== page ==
|Dr. Sanabria is an Assistant Professor of psychology at Arizona State University and principal investigator at the Basic Behavioral Processes laboratory. He is also affiliated to the neuroscience program in Arizona State University. Dr. Sanabria received his professional degree in psychology from the Universidad de los Andes in Bogotá (Colombia), where he spent a few years as marketing research analyst. He received his doctoral degree in experimental psychology in 2004 from Stony Brook University, where he worked on self-control under the guidance of Dr. Howard Rachlin. He was a postdoctoral research associate under the supervision of Dr. Peter Killeen (2004-2008) and Dr. Janet Neisewander (2008) in Arizona State University. He has published over 30 peer-reviewed publications in journals such as the Journal of the Experimental Analysis of Behavior, Behavioural Brain Research, and Psychopharmacology. His research is primarily concerned with the development and evaluation of quantitative models that specify the role of basic behavioral processes (learning, timing, choice, and regulation) in psychiatric disorders (mainly, substance abuse and attention-deficit hyperactivity disorder). The National Institute on Drug Abuse currently funds Dr. Sanabria's research.|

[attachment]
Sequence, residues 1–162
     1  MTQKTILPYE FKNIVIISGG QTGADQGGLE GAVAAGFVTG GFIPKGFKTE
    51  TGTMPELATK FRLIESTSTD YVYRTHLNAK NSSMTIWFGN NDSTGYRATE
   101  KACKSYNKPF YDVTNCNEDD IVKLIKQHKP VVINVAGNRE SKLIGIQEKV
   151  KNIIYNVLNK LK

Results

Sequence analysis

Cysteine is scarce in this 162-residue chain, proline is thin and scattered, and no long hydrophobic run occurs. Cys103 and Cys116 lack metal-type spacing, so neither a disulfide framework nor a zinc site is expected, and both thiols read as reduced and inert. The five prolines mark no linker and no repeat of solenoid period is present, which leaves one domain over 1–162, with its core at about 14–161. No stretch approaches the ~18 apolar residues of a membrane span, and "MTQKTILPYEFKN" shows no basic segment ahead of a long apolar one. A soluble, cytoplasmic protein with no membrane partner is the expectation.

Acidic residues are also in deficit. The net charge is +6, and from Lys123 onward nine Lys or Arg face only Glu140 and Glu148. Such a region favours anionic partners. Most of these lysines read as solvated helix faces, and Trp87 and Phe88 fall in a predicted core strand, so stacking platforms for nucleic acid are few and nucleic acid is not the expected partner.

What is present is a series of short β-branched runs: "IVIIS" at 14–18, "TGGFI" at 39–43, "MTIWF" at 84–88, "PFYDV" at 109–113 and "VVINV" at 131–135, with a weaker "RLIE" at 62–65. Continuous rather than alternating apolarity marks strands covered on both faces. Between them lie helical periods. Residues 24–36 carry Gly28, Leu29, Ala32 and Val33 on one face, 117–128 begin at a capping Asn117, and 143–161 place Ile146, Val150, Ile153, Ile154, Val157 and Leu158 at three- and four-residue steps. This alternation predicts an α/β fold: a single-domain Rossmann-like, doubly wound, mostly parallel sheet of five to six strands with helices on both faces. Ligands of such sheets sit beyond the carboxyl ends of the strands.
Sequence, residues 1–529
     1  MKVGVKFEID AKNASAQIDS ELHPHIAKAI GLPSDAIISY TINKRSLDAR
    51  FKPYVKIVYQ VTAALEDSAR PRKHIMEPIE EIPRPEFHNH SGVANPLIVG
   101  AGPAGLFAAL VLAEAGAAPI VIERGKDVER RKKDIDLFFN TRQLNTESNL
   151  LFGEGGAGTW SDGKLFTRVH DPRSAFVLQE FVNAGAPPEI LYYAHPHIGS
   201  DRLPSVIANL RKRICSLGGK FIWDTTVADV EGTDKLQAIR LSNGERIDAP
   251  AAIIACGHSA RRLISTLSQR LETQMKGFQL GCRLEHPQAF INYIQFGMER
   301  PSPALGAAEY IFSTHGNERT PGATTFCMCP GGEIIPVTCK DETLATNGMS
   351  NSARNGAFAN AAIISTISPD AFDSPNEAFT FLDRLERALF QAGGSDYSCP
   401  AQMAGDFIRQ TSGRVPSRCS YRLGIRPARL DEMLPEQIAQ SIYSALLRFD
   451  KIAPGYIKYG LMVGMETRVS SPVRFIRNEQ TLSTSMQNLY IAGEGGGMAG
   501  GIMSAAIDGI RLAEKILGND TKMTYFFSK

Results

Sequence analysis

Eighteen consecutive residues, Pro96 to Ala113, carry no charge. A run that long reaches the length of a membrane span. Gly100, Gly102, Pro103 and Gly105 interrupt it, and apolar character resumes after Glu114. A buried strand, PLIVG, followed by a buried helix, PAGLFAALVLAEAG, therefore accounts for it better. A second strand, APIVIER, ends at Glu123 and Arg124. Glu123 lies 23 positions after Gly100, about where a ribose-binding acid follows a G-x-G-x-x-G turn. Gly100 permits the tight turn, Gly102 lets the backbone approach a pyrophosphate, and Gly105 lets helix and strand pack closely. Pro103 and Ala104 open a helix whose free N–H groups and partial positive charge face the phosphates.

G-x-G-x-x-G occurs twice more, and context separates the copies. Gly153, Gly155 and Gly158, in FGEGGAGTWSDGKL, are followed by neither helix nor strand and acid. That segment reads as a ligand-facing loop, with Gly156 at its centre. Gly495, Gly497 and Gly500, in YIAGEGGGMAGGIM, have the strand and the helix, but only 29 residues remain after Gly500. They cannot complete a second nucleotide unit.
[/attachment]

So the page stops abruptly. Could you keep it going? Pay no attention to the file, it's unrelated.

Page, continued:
Behaviorists often eschew explanations of performance (response rates and locations) that are based on psychological constructs (learning, preference, memory, impulsivity, etc.), for such constructs often lead to dualisms, homunculi, and pseudoexplanations. Their primary interest is in explaining behavior. For many others, however, this diet is too lean. Neuroscientists, for instance, often invoke psychological constructs to interpret performance. Their primary interest is psychological constructs, not behavior. Can there be a principled integration of these approaches? The conventional solution is to operationalize constructs (e.g., define preference as proportion of choices, memory as percent successes), but this often results in arbitrary and misleading indices that constrain commensurability to "procedure fetishism." An alternative solution, advanced in this talk, consists of identifying constructs with hidden parameters, states, and processes defined with quantitative precision in generative models. These models specify random processes that generate instances of performance, thus providing the basis for explaining performance from psychological constructs, and for reverse engineering the principles that govern behavior. Basic psychological research, according to this approach, should focus on developing and testing generative models, and on estimating the sensitivity of model parameters to relevant manipulations. Empirical research on memory, learning, and impulsivity in animal models illustrate these ideas.